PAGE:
“A Will is All I Need”
Should you choose a will or trust?
When it is time to arrange for your final wishes to be carried out and for laying out instructions for disposing of your real estate and personal property, you can choose a will or a trust. Both documents will get the job done but are executed very differently. Before you choose which is best for you, there are four main differences that could help guide your decision.
Some of the most ardent fans of trusts at law firms are people who have been through the probate process for a loved one. The process is expensive, lengthy and public which is why so many folks make it a point to set up a living trust. Besides the expense and length, probate can become messy when family members come out of the woodwork to contest wills. When you set up a living trust, it is private and it completely avoids probate and all of the negativity around it. Property you assign to be distributed to certain people is distributed immediately without costs and delays.
When Privacy is a Priority
When someone dies and they have a will, it becomes a public record as soon as probate proceedings are begun. If you want to keep your personal and financial affairs confidential, a will is not your best choice. On the other hand, when you have a trust and you die, a successor trustee steps in and is responsible for following the terms of the trust agreement to distribute the assets.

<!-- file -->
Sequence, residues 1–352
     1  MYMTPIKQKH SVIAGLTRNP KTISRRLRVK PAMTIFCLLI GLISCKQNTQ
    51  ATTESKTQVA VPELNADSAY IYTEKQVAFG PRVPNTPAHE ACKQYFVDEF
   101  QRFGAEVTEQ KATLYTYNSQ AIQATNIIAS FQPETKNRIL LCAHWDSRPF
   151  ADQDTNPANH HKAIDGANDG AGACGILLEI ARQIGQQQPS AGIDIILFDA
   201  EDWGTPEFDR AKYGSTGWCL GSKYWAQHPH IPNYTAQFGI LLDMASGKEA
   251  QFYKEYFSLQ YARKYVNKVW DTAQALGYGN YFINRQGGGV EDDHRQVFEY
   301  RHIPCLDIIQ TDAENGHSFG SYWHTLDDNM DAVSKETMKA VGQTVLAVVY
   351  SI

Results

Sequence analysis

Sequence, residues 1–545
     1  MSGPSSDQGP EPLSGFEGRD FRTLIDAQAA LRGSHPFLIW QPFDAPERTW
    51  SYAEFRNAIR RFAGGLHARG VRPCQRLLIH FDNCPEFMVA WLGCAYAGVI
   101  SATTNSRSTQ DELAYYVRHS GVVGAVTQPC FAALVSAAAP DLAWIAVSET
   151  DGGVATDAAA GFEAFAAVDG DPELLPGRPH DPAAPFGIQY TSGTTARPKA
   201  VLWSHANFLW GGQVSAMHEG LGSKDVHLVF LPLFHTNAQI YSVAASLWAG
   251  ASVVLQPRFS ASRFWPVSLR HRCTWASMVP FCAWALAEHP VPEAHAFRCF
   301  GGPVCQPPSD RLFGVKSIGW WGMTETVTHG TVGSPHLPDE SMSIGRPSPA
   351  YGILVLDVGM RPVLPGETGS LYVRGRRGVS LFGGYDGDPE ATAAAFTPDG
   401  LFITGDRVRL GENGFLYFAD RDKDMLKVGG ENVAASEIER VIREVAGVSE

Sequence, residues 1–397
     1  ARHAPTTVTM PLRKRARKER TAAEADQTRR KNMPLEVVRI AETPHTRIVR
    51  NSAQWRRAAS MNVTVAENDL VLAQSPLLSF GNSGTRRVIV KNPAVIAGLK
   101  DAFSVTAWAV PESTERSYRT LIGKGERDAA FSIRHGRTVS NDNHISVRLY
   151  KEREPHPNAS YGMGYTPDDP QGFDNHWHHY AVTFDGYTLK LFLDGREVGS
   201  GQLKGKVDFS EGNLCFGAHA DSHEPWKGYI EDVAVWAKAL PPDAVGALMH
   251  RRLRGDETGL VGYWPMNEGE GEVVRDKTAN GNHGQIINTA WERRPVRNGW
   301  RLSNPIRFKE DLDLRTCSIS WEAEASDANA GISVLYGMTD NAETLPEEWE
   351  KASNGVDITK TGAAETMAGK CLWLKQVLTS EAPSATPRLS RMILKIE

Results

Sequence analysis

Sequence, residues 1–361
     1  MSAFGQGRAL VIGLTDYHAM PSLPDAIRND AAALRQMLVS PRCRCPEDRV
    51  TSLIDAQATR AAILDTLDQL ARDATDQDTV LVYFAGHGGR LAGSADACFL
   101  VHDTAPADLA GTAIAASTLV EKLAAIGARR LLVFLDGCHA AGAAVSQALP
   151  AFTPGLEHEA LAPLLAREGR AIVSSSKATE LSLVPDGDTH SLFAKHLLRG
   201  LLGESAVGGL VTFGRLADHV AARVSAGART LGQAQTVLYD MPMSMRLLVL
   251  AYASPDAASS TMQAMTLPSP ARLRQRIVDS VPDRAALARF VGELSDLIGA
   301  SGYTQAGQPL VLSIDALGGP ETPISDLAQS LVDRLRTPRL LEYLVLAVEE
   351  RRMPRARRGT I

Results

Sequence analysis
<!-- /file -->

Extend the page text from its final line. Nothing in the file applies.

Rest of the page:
Simple and Easy
A will can be created with little oversight or complication other than to be witnessed at the signing. A living trust is more complicated and requires an attorney to draft it. Living trusts are signed and notarized. For the trust to work correctly, all assets must be transferred to the trust. This process is commonly known as “funding the trust” and can take some time and effort to complete. The benefit, again, is there is no probate process whereas a will provides instructions to the probate court outlining the wishes of the person who made the will.
Asset Management during Life
When you choose a will rather than a trust to transfer your assets, the will does not become legally enforceable until after it is probated following the person’s death. A living trust owns your assets which are controlled by you, the trustee, while you are alive. Another advantage to having a trust is that you can choose to appoint another person as the trustee, and you can change this at any time. You can also change the beneficiaries or even cancel the trust at any time. When your trust owns your assets, your mental competence cannot affect the authority of your trust. When you assign the role of successor trustee and you become incapacitated, court proceedings are not needed to secure a conservator